Introduction to Arrays

In this guide, we will learn about arrays. An array is a named collection of contiguous storage locations that are next to each other that contain data items of the same type.

Arrays offer a more streamlined way to store data than using individual data items for each variable. Arrays also allow you to work with their data more efficiently than with data stored in individual variables.

Why we need Arrays?

Let’s see why. Suppose you want to create a program that has 26 options, one for each letter of the alphabet. One way would be to declare a separate char variable for each letter of the alphabet:

char alphabet1;
char alphabet2;
...
char alphabet26;

Obviously, requiring 26 separate variables for this problem is tedious and inconvenient. Similarly, to instantiate and assign a value would require 26 statements:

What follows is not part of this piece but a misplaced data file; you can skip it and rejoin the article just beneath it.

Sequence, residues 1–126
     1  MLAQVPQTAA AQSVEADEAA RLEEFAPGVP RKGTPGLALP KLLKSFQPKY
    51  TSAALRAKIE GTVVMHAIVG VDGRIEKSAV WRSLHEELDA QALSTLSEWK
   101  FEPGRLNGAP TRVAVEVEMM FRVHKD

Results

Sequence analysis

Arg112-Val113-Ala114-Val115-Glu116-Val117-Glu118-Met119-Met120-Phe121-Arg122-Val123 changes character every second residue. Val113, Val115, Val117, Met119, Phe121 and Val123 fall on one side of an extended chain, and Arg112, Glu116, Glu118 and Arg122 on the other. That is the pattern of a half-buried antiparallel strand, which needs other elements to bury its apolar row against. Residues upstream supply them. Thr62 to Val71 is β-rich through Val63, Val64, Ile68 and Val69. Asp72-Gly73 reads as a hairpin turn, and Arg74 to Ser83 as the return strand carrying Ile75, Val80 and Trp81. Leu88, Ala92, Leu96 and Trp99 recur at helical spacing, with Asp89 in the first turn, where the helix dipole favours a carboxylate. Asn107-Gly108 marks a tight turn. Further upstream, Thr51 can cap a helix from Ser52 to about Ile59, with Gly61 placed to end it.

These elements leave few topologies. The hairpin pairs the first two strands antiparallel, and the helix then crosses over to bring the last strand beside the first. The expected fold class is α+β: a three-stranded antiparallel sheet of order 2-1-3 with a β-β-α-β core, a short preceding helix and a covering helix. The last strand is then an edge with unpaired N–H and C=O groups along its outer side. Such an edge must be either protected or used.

char alphabet1 = 'A';
char alphabet2 = 'B' ;
...
char alphabet26 = 'C';

This approach is also tedious. What we need is some way to use a loop to process each variable, using a loop counter, k, to refer to the kth char on each iteration of the loop. An array lets us do that. For example, the following code will declare an array for storing 26 char and then instantiate each variable:

char letter[]  = new char[26]; 

for (int k = 0; k < 26; k++) {
    letter[k] = new char("A");
}

Note: Avoid using char datatype in Java if you are working with Unicode characters.

you can see how efficient this is. It uses just a few lines of code to do what would have otherwise required 50 or 60 lines of code without arrays. In this guide, we’ll see how to use one-, two- and three-dimensional arrays. We also study sorting and searching algorithms to process arrays.


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